Social Media Giants Should Do More to Stop Gambling Scams

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If you have been following the news recently, you might have caught some stories about the authorities in Australia and the UK taking aim at Facebook for allowing adverts that are promoting scam cryptocurrency projects.  

We won’t bore you with all the details, but essentially scammers have been using fake quotes and images of celebrities to lure people into those crypto trading scams. And now authorities are taking a stand, saying that Facebook (and other Big Tech giants) should be gutting these adverts from their sites.  

But what about scams that lure people into betting and casino gaming programs? It’s an interesting subject to broach, particularly as some of it skirts the boundaries of legality. Often, these don’t appear as adverts, but paid-for posts from accounts saying something like “I might quit my job and follow betting tips from XXX.”. Included with these will be some sort of “proof”, showing a large amount of winnings.  

Scams can seem seductive 

The truth is that for many of us, these kind of posts are seductive. Gambling has changed over the last 20 years. You hear tell of things like matched-betting systems, gambling software, the use of Big Data – all of it offering get-rich-quick solutions.  

While gambling strategy exists and can be useful, most people are aware that get-rich-quick schemes don’t work, regardless of the tech we have at our disposal. For a refreshing insight, read the posts on roulette systems by Stephen Tabone. The London-born strategist and philosopher details what doesn’t work about everything from the Martingale System to the Labouchere Betting System.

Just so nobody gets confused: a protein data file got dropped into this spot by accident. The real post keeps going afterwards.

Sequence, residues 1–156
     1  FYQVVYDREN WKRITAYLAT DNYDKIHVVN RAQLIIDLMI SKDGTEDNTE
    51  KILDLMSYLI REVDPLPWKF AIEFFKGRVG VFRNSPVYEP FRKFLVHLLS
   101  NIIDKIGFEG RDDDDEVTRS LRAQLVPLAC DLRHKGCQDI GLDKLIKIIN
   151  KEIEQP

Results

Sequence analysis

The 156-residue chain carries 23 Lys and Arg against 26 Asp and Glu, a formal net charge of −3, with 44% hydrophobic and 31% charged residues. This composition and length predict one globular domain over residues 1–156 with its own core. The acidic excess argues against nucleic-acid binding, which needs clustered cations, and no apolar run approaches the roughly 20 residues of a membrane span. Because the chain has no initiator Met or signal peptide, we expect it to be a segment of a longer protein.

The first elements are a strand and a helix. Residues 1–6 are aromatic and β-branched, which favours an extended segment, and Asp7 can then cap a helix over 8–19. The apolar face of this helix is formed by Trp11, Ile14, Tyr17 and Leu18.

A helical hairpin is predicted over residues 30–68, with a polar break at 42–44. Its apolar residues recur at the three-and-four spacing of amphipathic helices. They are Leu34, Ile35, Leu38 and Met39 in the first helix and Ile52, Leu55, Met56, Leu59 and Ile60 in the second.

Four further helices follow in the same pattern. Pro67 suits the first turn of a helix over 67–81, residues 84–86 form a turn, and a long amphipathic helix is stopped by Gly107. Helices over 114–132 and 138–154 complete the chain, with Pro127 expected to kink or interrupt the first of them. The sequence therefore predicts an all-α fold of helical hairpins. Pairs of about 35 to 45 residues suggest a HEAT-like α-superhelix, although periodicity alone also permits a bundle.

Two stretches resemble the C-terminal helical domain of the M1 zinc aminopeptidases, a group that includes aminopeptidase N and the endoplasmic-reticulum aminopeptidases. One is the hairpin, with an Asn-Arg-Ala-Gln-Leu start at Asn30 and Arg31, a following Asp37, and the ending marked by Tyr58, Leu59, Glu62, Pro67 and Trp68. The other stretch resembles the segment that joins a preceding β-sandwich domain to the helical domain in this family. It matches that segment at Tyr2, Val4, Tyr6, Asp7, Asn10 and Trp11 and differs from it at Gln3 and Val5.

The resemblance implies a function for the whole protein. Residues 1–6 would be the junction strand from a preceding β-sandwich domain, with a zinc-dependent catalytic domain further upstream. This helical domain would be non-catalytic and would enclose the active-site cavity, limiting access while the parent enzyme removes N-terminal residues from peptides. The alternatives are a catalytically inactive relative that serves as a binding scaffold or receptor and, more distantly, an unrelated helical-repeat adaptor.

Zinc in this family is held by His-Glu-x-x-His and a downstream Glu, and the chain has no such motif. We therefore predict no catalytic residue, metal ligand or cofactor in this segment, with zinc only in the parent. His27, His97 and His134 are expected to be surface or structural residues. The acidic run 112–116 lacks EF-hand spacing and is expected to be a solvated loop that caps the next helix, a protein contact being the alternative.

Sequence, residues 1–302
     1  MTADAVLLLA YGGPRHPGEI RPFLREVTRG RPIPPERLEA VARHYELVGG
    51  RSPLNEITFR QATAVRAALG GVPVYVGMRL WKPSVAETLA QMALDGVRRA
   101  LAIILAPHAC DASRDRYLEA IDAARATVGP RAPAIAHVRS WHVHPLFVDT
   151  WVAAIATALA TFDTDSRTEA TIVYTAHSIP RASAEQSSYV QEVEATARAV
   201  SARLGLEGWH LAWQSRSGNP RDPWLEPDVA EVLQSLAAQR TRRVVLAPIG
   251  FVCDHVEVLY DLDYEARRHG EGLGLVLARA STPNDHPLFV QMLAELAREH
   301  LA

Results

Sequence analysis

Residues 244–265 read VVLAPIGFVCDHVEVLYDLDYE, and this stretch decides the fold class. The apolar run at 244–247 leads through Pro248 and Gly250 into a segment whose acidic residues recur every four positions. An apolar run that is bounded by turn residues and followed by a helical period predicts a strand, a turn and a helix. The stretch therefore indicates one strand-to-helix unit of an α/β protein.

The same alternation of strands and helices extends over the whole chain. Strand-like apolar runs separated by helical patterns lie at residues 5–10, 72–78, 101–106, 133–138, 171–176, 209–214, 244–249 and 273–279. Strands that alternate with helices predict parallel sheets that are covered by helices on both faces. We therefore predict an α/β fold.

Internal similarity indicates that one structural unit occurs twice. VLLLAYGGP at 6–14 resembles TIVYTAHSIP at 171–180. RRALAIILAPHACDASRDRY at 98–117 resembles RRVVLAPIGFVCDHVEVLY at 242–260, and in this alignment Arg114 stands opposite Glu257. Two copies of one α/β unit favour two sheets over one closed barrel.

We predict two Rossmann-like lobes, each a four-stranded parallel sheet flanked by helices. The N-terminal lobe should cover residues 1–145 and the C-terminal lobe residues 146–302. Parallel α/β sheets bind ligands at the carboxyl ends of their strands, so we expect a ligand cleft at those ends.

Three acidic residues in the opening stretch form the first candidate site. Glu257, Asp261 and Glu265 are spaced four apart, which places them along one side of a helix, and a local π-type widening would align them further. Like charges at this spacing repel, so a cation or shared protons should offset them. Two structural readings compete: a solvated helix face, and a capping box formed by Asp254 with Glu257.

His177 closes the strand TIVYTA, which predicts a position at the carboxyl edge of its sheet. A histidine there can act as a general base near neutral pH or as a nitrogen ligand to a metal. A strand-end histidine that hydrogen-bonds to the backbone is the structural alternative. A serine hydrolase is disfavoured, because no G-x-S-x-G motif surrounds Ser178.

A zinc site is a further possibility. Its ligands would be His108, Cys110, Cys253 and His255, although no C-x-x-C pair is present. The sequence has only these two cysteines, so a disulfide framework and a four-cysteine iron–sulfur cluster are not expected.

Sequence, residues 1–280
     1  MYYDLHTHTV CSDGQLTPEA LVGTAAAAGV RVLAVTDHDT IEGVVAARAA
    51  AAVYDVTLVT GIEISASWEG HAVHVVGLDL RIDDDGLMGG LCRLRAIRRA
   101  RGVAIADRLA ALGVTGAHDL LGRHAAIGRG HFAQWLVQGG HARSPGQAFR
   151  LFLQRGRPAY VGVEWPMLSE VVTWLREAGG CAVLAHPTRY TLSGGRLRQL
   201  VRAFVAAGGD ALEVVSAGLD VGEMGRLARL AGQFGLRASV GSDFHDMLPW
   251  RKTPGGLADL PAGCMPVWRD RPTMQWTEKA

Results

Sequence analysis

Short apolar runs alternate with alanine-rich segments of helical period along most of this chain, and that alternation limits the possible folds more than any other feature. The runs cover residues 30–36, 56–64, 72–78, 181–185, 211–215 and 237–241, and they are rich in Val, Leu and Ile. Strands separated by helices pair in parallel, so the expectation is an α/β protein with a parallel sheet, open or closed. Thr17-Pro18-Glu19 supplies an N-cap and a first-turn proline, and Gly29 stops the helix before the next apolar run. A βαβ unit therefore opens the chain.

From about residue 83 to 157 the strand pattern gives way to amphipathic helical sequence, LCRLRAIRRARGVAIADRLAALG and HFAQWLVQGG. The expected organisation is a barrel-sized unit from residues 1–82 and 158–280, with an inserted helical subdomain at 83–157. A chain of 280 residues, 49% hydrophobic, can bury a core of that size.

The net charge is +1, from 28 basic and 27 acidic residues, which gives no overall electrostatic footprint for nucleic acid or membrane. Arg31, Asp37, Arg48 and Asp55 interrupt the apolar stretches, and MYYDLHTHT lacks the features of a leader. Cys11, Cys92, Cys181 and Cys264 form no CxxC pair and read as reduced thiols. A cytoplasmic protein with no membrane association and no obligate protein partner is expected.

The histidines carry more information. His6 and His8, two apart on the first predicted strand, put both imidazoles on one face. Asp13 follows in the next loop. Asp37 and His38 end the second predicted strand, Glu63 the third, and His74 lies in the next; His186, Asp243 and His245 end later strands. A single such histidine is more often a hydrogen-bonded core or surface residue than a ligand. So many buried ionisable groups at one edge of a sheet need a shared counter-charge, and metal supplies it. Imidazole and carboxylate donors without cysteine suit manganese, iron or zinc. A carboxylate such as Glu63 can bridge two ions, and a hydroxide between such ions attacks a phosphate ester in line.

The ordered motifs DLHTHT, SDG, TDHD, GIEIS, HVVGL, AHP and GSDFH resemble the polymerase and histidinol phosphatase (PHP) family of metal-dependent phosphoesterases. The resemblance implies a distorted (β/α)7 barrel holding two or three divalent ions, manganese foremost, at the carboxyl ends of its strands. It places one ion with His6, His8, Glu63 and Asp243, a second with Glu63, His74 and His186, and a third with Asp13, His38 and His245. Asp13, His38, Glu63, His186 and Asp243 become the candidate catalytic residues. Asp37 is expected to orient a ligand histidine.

Tabone’s conclusions, however, are what most gamblers should keep foremost in their minds – betting is about having a bit of fun, and doing it in a responsible manner is the best way to conduct yourself. But logic from the likes of Tabone doesn’t always stack up well to the average human mind. As we said, some of the scams are seductive. 

Scammers can cover all bases 

So, how might a seductive scam work? Well, one example could be soccer betting. The scammers might offer the first tip for free, signing up 100 bettors to their service. They could send 50 people a tip that there will be over 2.5 goals (e.g., 3 or more) in a specific game, and the other 50 will get a tip of under 2.5 goals. Now there are 50 people who have just received an “insightful” winning tip, and they are encouraged to sign up and pay for further information. The process can be repeated, and then ultimately replenished with new signups.  


As we mentioned earlier, the problem is that this is not always technically illegal. It’s not outright theft in the same way as the crypto scams we mentioned earlier. But should social media be doing more? Whether it’s YouTube, Twitter or Facebook, you can see dozens of these accounts touting their services, often through proxies. To be fair, if you read the comments underneath, you’ll see that most people call it out as a scam. But as with all these types of campaigns, they only need to lure in a couple of fish to be successful.  

To stress the point: We are not saying that all gambling strategists and betting tipsters are inherently bad – far from it. Some can give sagacious advice. But when we get into the realm of “guarantee wins”, you know that alarm bells should be ringing.  

There has been a wind of change on how social media companies are conducting themselves. Governments are acting to ensure that they take responsibility for the content that appears on the platforms. Gambling scams should be taken into those actions, too, as it will create a better and more trusted industry for all of us. 


- Payton O'Brien, Gambling911.com

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